Spying made easy

M.F. Perutz

  • Klaus Fuchs: The man who stole the atom bomb by Norman Moss
    Grafton, 216 pp, £12.95, April 1987, ISBN 0 246 13158 6

On 10 September 1949 Michael Perrin, one of the heads of the British Atomic Energy Programme, was woken up by an urgent telephone call asking him to come to the communications room at the US Embassy in London. There his opposite number in the Pentagon asked that an RAF plane be sent to the upper atmosphere to check radioactivity detected by the US Air Force that appeared to signal a Soviet atomic explosion. The public confirmation of this momentous event stunned us. We had believed that Stalin first heard about the American atomic bomb from President Truman at the Potsdam Conference in August 1945, and we could not understand how the Russians had been able to overcome the formidable scientific and technical hurdles involved in the construction of the bomb in no more time than that taken by the cream of European and American physicists who started in early 1941 and exploded the first bomb in July 1945.

A few weeks before that telephone call Michael Perrin had received another disturbing piece of news. A coded message sent to Moscow by the Soviet Mission in New York during the war and only just deciphered by the US Signal Corps indicated that one Klaus Fuchs, a German-born member of the British team, had given them information on the atomic bomb project. Fuchs was arrested in London in February 1950, convicted of treason and sentenced to 14 years’ imprisonment. What he told the Russians was never revealed and is still classified information here (lest the Russians get to know of it?), but the British told the Americans and Norman Moss found full details in their FBI files.

Klaus Fuchs was born in 1911, the son of a German pastor with left-wing sympathies who taught his children the Lutheran precept of acting according to their own consciences rather than obeying established authority. Fuchs became a student at the time when German universities had turned into battle-grounds between the extremes of right and left. At first he sided with the Social Democrats, but when their weak opposition to the Nazis disappointed him, he joined the Communist Party. For this he was once beaten up and thrown into a river by Nazi thugs. When Hitler came to power in March 1933 Fuchs feared for his life and went into hiding until the Communist Party dispatched him to an anti-Fascist meeting in Paris. From Paris he went to England, where he became a research student in Nevill Mott’s great school of theoretical physics at Bristol; after this he worked at Edinburgh with the German physicist Max Born, who was one of the founders of wave mechanics. In the spring of 1940 Fuchs was arrested, interned and later deported to Canada together with hundreds of other German and Austrian refugees, including myself. We were taken back to England and released in January 1941.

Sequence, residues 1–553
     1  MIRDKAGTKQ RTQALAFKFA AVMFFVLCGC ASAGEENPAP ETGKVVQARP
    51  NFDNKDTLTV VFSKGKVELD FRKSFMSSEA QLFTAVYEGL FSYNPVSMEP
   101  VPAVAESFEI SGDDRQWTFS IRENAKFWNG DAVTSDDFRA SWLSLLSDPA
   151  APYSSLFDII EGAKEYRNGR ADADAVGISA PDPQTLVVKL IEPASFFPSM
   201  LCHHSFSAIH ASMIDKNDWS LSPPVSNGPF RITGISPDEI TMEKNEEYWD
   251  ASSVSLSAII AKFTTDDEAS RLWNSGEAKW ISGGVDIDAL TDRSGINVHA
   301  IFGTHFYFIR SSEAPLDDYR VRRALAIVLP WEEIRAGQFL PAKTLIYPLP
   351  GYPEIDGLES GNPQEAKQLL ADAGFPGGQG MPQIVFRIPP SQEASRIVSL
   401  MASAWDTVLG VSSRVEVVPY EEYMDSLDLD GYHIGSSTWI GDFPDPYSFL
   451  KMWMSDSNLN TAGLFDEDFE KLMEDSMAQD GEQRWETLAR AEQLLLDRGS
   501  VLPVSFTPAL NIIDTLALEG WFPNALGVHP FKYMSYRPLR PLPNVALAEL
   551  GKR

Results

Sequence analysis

The atomic bomb project was set in motion in 1940 by two refugee physicists in Birmingham, the German-born Rudolf Peierls and the Austrian-born Otto Robert Frisch, when they found that the critical mass of the fissile uranium isotope 235 needed for an explosion was no more than a few kilograms. In the summer of 1941 Peierls engaged Fuchs to help him with theoretical work on the project. Nine years later Fuchs confessed: ‘When I learned the purpose of the work, I decided to inform Russia and established contact through another member of the Communist Party.’ He made this high-handed decision despite the fact that he had freely signed the Official Secrets Act – which pledged him not to disclose anything he learned in the course of his work to an unauthorised person – and had applied for naturalisation as a British subject. That he would have to ‘swear by Almighty God that on becoming a British subject I will be faithful and bear true allegiance to his Majesty King George VI, his heirs and successors according to law’ seemed not to be a problem.

Fuchs is a brilliant mathematician and physicist; he also has an accurate memory and a remarkable ability to explain difficult concepts lucidly. I had some experience of this when he taught me theoretical physics during our internment at Quebec in the summer of 1940. These talents and the information accessible to him enabled him to provide the Russians with extensive instructions for the manufacture of fissile material and the construction of atomic bombs.

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